Imam W. Deen Mohammed, one of the country's most prominent African-American Islamic leaders and the man who led millions of black Muslims away from the militant politics of the Nation of Islam and toward a more orthodox form of Islam, has died. He was 74.
Mohammed, a son of Nation of Islam leader Elijah Muhammad, was found dead at his home in suburban Chicago yesterday morning, said Imam Mustafa El-Amin, the leader of a Newark mosque, Masjid Ibrahim, and a follower of Mohammed. A cause of death was not immediately released.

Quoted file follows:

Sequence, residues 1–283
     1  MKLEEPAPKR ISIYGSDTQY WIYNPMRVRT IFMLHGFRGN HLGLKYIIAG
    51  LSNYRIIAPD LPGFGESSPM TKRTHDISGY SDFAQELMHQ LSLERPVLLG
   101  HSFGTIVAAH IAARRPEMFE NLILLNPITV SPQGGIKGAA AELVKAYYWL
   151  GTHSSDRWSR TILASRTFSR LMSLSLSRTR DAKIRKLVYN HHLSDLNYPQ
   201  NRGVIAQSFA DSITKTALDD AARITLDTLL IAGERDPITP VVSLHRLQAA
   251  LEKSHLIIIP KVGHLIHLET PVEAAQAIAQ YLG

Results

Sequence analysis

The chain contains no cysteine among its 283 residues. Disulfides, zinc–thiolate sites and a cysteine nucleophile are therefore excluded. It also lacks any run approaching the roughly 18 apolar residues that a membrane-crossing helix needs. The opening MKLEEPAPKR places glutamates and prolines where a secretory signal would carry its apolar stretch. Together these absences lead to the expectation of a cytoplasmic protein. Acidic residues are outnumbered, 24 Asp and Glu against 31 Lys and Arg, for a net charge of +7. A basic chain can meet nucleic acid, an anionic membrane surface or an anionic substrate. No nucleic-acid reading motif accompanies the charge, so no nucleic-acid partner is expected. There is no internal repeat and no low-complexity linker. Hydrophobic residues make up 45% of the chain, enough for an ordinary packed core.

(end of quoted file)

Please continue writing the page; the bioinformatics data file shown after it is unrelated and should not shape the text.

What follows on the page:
"We're all hurt," Amin said. "He gave us a greater sense of humanity. What I mean by that is, a greater appreciation for the people of all races and nationalities. ... He taught us the proper concept of Islam."
Though less well known on the national stage than the fiery Louis Farrakhan -- once a bitter rival -- Mohammed was arguably far more influential, with a following that dwarfs the Nation of Islam's membership. In the Newark area alone, more than a half-dozen mosques are affiliated with his movement.
"It's a great loss for not only Muslims in America, but it is also a major loss for our family," Mohammed's nephew, Sultan Mohammed, said in a phone interview from Chicago. (MORE)